Eye Exams


Healthy Eyes

Regular eye exams are critical in the early detection of ocular diseases, including glaucoma and macular degeneration.
Our optometrists administer comprehensive eye exams, emergency eye exams, contact lens exams, diabetic eye exams, myopia prevention & pre and post-surgical assessments.

Comprehensive Eye Exam

A comprehensive eye exam assesses the visual system and the eye’s overall health. It involves testing the visual acuity and how the eyes work together, checking the glasses’ prescription, and diagnosing eye diseases. A comprehensive eye exam is recommended yearly for those under 19 years of age, those over 65 and every two years for adults in between. A child’s first eye exam is recommended as early as six months.


Occular Health Conditions That May Be Detected During an Eye Exam


Cataracts are a clouding of the natural lens inside the eye. It causes blurred vision, decreased contrast, and glare around lights. It is often associated with age but can occur in younger individuals using certain medications (i.e. steroids) or having certain medical conditions (i.e. Diabetes).


Glaucoma is a progressive disease that causes damage to the optic nerve. It often has no symptoms in the first stages but can lead to permanent vision loss if not treated early. These changes are challenging to detect by simply looking into the eye, so we rely on non-invasive imaging techniques for better visualization.

Age-Related Macular Degeneration

Age-related macular degeneration is a disease that damages the macula. It typically occurs later in life and can cause loss or distortion of the central vision since macular degeneration affects the deeper layers of the retina that aren’t as easy to visualize.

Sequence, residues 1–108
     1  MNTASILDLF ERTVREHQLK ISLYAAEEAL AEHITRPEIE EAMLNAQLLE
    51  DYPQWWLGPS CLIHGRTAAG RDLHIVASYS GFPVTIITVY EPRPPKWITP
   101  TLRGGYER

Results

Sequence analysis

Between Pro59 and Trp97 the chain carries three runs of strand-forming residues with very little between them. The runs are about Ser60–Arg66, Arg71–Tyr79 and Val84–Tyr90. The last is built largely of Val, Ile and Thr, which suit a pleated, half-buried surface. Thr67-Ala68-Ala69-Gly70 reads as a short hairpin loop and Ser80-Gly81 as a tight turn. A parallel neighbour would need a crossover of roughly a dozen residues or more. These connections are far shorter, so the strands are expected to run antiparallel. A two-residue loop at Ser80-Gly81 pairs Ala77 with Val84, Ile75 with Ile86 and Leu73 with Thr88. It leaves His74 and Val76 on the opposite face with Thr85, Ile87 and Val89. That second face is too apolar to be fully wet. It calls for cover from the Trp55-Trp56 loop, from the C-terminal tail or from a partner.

Diabetic Retinopathy

Diabetic retinopathy is a complication of diabetes that causes damage to the blood vessels in the retina or the growth of new abnormal blood vessels that can leak. Early diabetic retinopathy may have no symptoms, but the more advanced disease can cause decreased vision from retinal swelling or a retinal detachment.

Conjunctivitis (Pink Eye)

Conjunctivitis (or pink eye) is an inflammation of the transparent membrane that lines the white part of the eye and the eyelids. It causes redness, discharge, burning, or itching and is often very contagious. Bacteria and viruses can cause it, or allergies and treatment differ depending on the cause.

Myopia (Nearsightedness)

Myopia (or nearsightedness) occurs when light focuses in front of the retina rather than on it. This occurs because the cornea bends light too much or the eye is too long. Individuals with myopia have difficulty seeing distant objects clearly.

Hyperopia (Farsightedness)

Hyperopia (or farsightedness) occurs when light focuses behind the retina rather than on it. This occurs because the cornea bends light too little or the eye is too short. Individuals with hyperopia may have difficulty seeing near objects clearly or may have symptoms of near strain and frontal headaches.


Astigmatism occurs when light focuses at two different points in the eye. This occurs because the cornea or lens has an irregular shape. Individuals with astigmatism have difficulty seeing objects at all distances clearly and may see elongated or shadowed images. It is often accompanied by myopia or hyperopia.


Presbyopia occurs when the eye’s ability to focus on near objects decreases. It is a natural part of aging and occurs because the lens inside the eye loses its elasticity and ability to change shape. It typically begins in the mid-’40s and gradually declines until little to no focusing ability remains without the help of reading ads.


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